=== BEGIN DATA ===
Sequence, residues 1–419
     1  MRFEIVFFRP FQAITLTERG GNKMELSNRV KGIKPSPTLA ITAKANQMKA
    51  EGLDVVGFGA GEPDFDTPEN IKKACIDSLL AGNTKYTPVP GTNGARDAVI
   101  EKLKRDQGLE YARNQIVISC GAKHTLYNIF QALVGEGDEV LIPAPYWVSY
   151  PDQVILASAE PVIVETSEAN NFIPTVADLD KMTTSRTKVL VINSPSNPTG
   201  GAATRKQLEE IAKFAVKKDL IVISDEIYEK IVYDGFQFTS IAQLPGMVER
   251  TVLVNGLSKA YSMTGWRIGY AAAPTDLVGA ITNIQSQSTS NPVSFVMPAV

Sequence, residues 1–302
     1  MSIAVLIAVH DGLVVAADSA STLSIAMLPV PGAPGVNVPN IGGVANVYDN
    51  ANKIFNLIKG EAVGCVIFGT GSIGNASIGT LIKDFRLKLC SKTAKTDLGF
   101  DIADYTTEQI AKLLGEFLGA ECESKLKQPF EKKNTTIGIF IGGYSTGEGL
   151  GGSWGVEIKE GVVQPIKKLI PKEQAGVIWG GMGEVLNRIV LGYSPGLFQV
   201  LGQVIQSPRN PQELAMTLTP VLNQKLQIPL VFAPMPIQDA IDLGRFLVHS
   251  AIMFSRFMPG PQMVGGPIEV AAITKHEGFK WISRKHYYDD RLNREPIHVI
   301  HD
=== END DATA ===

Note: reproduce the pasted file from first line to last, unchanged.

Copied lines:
Sequence, residues 1–419
     1  MRFEIVFFRP FQAITLTERG GNKMELSNRV KGIKPSPTLA ITAKANQMKA
    51  EGLDVVGFGA GEPDFDTPEN IKKACIDSLL AGNTKYTPVP GTNGARDAVI
   101  EKLKRDQGLE YARNQIVISC GAKHTLYNIF QALVGEGDEV LIPAPYWVSY
   151  PDQVILASAE PVIVETSEAN NFIPTVADLD KMTTSRTKVL VINSPSNPTG
   201  GAATRKQLEE IAKFAVKKDL IVISDEIYEK IVYDGFQFTS IAQLPGMVER
   251  TVLVNGLSKA YSMTGWRIGY AAAPTDLVGA ITNIQSQSTS NPVSFVMPAV

Sequence, residues 1–302
     1  MSIAVLIAVH DGLVVAADSA STLSIAMLPV PGAPGVNVPN IGGVANVYDN
    51  ANKIFNLIKG EAVGCVIFGT GSIGNASIGT LIKDFRLKLC SKTAKTDLGF
   101  DIADYTTEQI AKLLGEFLGA ECESKLKQPF EKKNTTIGIF IGGYSTGEGL
   151  GGSWGVEIKE GVVQPIKKLI PKEQAGVIWG GMGEVLNRIV LGYSPGLFQV
   201  LGQVIQSPRN PQELAMTLTP VLNQKLQIPL VFAPMPIQDA IDLGRFLVHS
   251  AIMFSRFMPG PQMVGGPIEV AAITKHEGFK WISRKHYYDD RLNREPIHVI
   301  HD